counterpartto (D#-A)4,in thatthese two segmentsforma mirror 21.5, the size of the lower groupfirstpresentedwithinthe space
symmetryaboutA4 andBb5.Note thatA4-Bb5is given as a direct (B-G#)4undergoesprogressiveshrinkage,in two stages:first to
succession in m. 13.

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Pitch/Registerin Varese 25

(A-B)4, then to (A-A#)4. As a pitch entity, (A-B)4 has already music had been overwhelmingly pitch-oriented.Even a great
been presented,in m. 19, and thereis no need to accountfor its revolutionarycannot change everything at once, if indeed he
origins at this point. However, its placementin this context can shouldwantto. Even Varese, I think, wouldnot havedeniedthis
be interpretedas an effect, or projection,of the span B#5-D6.In inherentlimit uponthe evolutionof compositionalpractice.One
turn,when (A-B)4contractsto (A-A#)4,thereis a responsein the of the compromises, then, that Varese had to make was to
higher register, as we see in m. 23: B#5-C#6.The net effect of acknowledgethe sovereigntyof pitch. Nevertheless,as we have
this attenuationabove and below is to reduceoccupied space by seen, he was able to mitigate this sovereignty somewhat by
means of anothersymmetricaloperation:thatis, contractionby introducingregisteras a vital factorin thedefinitionof structure.
one half step on each end. From the original outer boundaries Furthermore,Varese's use of timbreand dynamicsas agents
D#4 and G6, then, the size of space in use has been reducedby of delineation representsa considerableadvance beyond their
[12]: [6] above and [6] below. The fact that these two interval largely ornamentalfunctionin most earliermusic. Thus Varese
sizes have alreadyplayed majorroles in the spatialorganization pointed out the path leading away from extreme pitch orienta-
of this work is probablysignificant. tion, even though he did not venturevery far along it himself.
But his "dream of instrumentsobedient to my thought" and
Conclusion "their contribution of a whole new world of unsuspected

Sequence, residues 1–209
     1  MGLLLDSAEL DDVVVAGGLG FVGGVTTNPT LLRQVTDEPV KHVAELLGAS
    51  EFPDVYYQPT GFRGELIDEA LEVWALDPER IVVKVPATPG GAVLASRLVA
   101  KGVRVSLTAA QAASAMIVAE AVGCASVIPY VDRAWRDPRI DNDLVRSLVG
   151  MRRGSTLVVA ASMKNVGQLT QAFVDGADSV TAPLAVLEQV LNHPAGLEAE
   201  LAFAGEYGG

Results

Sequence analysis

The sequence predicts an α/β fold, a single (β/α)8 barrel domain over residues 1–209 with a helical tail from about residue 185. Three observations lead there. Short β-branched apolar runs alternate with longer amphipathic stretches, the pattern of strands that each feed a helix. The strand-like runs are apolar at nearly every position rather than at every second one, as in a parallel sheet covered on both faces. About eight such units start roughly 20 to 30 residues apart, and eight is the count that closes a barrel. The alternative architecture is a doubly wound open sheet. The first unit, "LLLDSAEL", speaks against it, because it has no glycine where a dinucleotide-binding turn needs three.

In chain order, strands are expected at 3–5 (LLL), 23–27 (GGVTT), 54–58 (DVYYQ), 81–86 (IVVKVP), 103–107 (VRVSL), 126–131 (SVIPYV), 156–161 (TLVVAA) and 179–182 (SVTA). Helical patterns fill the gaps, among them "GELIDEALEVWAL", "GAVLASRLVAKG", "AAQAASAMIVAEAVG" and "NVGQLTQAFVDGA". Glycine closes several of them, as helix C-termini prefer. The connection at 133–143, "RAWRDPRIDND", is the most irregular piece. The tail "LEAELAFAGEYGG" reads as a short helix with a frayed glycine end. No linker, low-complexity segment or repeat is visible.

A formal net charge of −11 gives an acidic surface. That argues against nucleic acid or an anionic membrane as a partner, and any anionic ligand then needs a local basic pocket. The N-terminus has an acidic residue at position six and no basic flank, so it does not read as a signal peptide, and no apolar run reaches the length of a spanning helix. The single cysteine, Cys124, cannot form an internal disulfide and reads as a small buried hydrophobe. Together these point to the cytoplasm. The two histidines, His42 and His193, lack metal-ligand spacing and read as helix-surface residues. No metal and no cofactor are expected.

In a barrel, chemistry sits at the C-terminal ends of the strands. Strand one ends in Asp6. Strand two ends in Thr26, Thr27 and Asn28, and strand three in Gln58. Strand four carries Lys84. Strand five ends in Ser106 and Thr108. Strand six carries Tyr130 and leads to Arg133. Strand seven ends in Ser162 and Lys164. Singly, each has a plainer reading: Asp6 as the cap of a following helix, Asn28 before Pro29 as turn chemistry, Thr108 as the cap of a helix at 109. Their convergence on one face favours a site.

sounds"29helped that dream become a reality for his heirs.
This theory, in the form presented here, is by no means
complete. The symmetricaloperationsdescribedabove do em-
brace many aspects of structurein Varese's music, but certain
matters of internal order are only sketched. As it happens,
another, substantialcomponent of pitch/registral theory, de-
signed to take measureof internalstructure,does exist. How-
ever, to have includedits exposition here would have made the
presentpapertoo long. I hope to bringforth a sequel sometime
in the near future.
There remain a few words to say concerning the natureof
assumptionsmadein formulatingthis theory.We beganwith the
idea that pitch, in tandemwith register, is the primarydetermi-
nantof structurein Varese, and thatothercompositionalfactors
must be relegatedto secondarystatus, however much of a role
they may play in shaping the decisions made about pitch and
register. Is this assumptionwarrantedfor Varese, who after all
has long been famous for emphasizing--in words and in
music--the importanceof timbre, dynamics, and rhythm?The
answer-affirmative-is inevitably bound up with historical 29Varese, "391," Number5, June 1917, New York;includedin the epigraph
context. For manycenturies,up to Varese's present,all Western for "The Liberationof Sound."